I'm often skeptical of such large scale myths and metaphors, because of the way they sometimes ignore historical specifics. And it’s precisely the fact that it shares this skepticism that makes The Book of Ocean so convincing to me. Given all the interweaved concepts, none finally controls the other, and none allows for more than a partial understanding of any phenomenon. The poems are filled with ellipses, with boundaries that can’t be crossed and statements that aren’t quite made, with silences and absences:

Fire fixed or wandering

illumed by earth this body

over silence
I cannot pass

(from “Night House”)

In fact, many moments in The Book of Ocean teeter on the edge of intelligibility, as if at any moment coherence could be swept away for good.

Most of the poems in the book are ultimately about processes of interaction more than definitive conclusions, as the opening of “Changeling” implies:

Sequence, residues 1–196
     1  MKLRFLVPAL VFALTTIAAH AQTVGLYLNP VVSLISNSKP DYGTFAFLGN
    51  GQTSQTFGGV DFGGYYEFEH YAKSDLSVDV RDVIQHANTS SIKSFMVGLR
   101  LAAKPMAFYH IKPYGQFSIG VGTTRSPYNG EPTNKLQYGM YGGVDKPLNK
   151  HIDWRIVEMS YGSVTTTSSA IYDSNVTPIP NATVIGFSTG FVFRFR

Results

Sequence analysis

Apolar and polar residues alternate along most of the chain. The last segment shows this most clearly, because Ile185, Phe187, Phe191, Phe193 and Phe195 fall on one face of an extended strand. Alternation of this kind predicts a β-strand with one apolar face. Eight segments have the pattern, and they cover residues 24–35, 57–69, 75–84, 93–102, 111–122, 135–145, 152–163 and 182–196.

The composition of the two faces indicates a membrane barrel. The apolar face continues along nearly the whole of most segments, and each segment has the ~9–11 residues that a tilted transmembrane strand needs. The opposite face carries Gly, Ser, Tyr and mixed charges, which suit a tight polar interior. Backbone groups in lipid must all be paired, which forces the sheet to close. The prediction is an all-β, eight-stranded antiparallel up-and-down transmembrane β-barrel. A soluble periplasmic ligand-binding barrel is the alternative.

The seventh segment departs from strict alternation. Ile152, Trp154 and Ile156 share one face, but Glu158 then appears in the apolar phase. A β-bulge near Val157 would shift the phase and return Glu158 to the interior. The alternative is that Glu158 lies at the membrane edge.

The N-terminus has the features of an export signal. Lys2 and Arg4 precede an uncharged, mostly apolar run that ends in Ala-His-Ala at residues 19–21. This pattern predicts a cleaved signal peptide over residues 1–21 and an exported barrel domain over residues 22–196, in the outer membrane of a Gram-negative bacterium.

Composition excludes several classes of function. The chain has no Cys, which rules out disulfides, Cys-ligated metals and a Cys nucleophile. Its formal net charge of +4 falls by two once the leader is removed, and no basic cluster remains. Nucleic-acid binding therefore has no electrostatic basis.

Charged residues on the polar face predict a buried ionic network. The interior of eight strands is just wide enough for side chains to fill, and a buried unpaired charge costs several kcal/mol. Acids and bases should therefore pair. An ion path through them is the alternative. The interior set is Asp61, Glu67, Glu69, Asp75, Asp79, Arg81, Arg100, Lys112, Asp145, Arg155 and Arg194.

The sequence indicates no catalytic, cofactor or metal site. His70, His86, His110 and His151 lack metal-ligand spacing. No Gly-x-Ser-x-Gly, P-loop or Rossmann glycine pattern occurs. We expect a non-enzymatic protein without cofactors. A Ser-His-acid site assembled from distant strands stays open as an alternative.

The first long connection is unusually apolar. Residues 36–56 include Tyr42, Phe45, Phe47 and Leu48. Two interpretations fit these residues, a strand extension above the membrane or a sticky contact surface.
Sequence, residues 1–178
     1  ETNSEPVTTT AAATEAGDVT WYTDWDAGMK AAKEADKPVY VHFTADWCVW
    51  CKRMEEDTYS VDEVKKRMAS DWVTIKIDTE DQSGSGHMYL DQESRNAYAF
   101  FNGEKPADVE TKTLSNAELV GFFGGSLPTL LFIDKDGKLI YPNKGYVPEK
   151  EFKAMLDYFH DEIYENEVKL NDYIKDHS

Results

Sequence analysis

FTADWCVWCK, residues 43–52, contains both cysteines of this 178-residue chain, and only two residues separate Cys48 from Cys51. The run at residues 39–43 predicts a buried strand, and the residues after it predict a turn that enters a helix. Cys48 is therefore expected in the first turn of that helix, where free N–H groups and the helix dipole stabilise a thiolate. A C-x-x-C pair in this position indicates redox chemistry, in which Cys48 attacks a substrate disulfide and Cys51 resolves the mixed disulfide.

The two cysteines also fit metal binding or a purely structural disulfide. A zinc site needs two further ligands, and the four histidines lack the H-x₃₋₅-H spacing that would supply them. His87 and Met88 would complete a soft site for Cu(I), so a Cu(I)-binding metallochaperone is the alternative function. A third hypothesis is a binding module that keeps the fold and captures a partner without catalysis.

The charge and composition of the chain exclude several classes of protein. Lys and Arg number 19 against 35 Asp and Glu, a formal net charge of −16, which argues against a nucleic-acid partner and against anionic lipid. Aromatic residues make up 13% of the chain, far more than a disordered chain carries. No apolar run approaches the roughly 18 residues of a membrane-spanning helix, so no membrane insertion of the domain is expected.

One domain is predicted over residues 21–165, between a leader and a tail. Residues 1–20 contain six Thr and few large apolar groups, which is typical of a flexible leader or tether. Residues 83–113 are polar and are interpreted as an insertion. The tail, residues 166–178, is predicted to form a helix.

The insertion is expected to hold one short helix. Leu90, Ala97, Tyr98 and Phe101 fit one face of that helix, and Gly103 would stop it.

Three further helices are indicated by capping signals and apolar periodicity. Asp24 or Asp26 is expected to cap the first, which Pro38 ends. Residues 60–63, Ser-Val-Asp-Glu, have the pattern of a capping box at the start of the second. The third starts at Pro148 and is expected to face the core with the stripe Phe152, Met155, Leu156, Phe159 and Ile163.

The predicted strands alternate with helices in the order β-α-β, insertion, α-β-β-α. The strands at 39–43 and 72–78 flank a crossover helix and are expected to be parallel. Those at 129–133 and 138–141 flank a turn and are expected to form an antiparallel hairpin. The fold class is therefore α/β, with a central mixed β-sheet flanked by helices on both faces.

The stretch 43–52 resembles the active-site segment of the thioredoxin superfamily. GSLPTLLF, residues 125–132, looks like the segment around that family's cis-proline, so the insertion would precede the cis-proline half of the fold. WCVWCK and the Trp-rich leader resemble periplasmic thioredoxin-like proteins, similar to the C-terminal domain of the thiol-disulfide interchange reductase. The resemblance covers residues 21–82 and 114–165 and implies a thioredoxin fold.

We cross the phenomena of light

Here is what we have twisted
There is the nature of

A name is not description but ornament, becoming and

To be wholly replaced as we travel

Look how quickly she becomes other, a changeling

In circumstances like these, understanding can never be either fixed or permanent, but becomes a fundamentally interactive process. And what The Book of Ocean finally shows is that writing poems can be a way of engaging the interactive condition of the changeling. The book’s finely honed rhythms, alternately clipped and wave-like, never let either the repetitions of the ocean or the disconnection of the fragment become dominant modes.